- THE ANATOMY OF THE URINARY SYSTEM
This is the system which is used to get rid of urea and other waste products from the body. These are carried to the urinary system by the bloodstream, filtered out and excreted as urine. It is a very important system because it is the only way that waste material can be removed from the body. The waste material which is left in the large intestine at the end of the process of digestion, and which is passed out through the anus, is material that has not been digested. It is the ‘left overs’, and does not contain any material passed back into the intestines from the body.
The urinary system is made up of:
- 2 kidneys
- 2 ureters
- The bladder and
- The urethra
Their arrangement is shown in the diagram below:
These are located in the abdominal cavity, halfway down the back, one on either side of the spinal column or backbone. They are quite large organs, a sheep’s kidney being about the size of one’s fist, and as you can see from the diagram above, they are shaped like a bean. They are well supplied with blood vessels, carrying blood to the kidneys by the renal artery, and away by the renal vein. There is also a complex system of tubes called nephrons which collect the urine as it is formed. These all lead into collecting ducts which empty into the kidney pelvis that joins the ureter. The kidney is divided
into the cortex on the outside, and the medulla on the inside. The two diagrams below show the blood system and the system of nephrons in the kidney, but remember that these diagrams are greatly simplified.
Figure 1: The Kidney
These are muscular tubes which carry urine from the kidneys to the bladder. As the ureter enters the bladder a valve prevents the urine from flowing in the wrong direction.
This is a hollow organ with muscular walls which can expand or contract depending on how much urine it holds. It is fed by the two ureters leading from the kidneys and acts as a reservoir for urine. When it is full, the urine is released through the urethra which leads to the penis in males and the vagina in females. The urine is then passed out of the body.
- 2. THE PHYSIOLOGY OF THE URINARY SYSTEM
The filtering out of waste products from the blood, the formation of urine and the re-absorption of water takes place in the nephrons of the kidneys. Small arteries leading from the renal artery divide up to form a tuft of capillaries called a glomerulus.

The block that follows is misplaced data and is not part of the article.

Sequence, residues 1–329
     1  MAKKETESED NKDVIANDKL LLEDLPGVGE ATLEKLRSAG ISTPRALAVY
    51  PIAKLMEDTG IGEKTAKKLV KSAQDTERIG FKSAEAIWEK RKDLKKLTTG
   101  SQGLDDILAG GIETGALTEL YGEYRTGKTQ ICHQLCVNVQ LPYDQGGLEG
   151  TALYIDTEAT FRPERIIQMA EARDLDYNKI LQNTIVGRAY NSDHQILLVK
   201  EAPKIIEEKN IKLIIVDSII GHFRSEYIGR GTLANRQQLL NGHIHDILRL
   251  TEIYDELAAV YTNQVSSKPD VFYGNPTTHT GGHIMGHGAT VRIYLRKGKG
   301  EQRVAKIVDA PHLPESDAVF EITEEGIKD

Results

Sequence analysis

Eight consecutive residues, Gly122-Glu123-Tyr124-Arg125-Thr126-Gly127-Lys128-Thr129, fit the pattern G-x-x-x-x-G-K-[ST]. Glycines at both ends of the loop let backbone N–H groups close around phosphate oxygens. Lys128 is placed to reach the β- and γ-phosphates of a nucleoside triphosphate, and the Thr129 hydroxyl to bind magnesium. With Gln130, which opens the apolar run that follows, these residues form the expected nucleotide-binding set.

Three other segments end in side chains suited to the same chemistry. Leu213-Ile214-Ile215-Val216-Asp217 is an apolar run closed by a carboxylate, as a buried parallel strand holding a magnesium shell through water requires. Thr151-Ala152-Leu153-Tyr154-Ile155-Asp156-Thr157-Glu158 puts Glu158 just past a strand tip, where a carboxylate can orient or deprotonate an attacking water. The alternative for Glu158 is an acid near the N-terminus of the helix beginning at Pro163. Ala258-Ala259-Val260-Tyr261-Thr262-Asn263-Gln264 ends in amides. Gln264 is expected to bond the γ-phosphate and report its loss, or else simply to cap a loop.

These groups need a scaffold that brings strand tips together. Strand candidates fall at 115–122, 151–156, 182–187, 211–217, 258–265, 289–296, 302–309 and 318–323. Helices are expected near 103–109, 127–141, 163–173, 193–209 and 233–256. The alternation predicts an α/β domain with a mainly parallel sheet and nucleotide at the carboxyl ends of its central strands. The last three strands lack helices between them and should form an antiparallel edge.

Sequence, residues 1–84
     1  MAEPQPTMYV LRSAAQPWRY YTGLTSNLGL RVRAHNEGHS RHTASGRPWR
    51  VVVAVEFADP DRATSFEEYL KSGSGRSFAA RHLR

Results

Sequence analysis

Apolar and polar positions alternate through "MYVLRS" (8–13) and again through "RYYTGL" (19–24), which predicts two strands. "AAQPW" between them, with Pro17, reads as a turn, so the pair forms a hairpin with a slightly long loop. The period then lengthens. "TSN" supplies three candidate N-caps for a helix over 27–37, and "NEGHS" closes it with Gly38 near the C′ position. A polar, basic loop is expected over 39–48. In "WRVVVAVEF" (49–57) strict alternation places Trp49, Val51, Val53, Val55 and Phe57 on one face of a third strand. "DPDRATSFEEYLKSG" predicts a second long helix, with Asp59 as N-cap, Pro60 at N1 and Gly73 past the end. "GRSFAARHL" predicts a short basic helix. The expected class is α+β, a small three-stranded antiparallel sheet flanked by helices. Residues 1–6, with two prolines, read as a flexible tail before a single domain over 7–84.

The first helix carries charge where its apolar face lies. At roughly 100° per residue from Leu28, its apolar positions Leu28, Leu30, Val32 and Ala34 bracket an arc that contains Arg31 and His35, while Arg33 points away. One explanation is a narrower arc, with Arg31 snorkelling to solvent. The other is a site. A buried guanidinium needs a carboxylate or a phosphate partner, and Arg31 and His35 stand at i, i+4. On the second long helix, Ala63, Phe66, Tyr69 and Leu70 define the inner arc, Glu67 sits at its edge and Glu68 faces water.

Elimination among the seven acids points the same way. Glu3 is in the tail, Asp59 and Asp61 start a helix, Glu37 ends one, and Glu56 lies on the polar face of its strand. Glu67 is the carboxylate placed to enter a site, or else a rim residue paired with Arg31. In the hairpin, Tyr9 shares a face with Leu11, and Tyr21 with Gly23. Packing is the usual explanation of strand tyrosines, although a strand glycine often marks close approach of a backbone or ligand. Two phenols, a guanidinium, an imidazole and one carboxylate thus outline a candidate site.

This is surrounded by a capsule known as Bowman’s capsule which is hollow and leads into a winding tube called the convoluted tubule. This, in turn, connects up to a U-shaped tube called the Loop of Henle, which leads to another set of convoluted tubules and into a collecting duct connecting up to the ureter. Look at the large diagram on the next page and you will see all these parts clearly marked.
Figure 2: The Kidney Nephron
Blood coming into the glomerulus capillaries is under high pressure carrying the waste products from the rest of the bloodstream. Due to the high pressure, the waste products are forced from the blood into the hollow tube of Bowman’s Capsule; this is done by hydrostatic pressure. This liquid, known as a filtrate, then passes through the convoluted tubule, around the Loop of Henle, through the other set of convoluted tubules and into the collecting duct. Once it enters the collecting duct it has become urine. However, during the passage of the filtrate through the various tubes, anything still required by the body, such as glucose and salts, is re-absorbed back into the bloodstream with nearly all the water. This re-absorption is mainly done by osmosis. In humans, about 180 litres of fluid is filtered into the Bowman’s Capsule every day, but, under normal circumstances, man expels only 1 litre of fluid as urine each day. About 99% of the fluid forced into the tube system is re-absorbed, the water passing back into the blood as it passes through the Loop of Henle. Waste products are not re- absorbed, and as the filtrate travels around the system, it becomes more and more concentrated until it is classed as urine. Urine carries all the waste nitrogen from the body, together with some waste salts.
Figure 3: A Kidney Nephron showing how water, glucose and salts pass between the Nephron and the bloodstream
The amount of water re-absorbed back into the blood is controlled by a hormone called the anti- diuretic hormone or A.D.H. If the blood becomes too concentrated with salts and glucose, A.D.H. is released increasing the amount of water passing from the filtrate into the blood. This continues until the concentration of salts in the blood has reached the right level.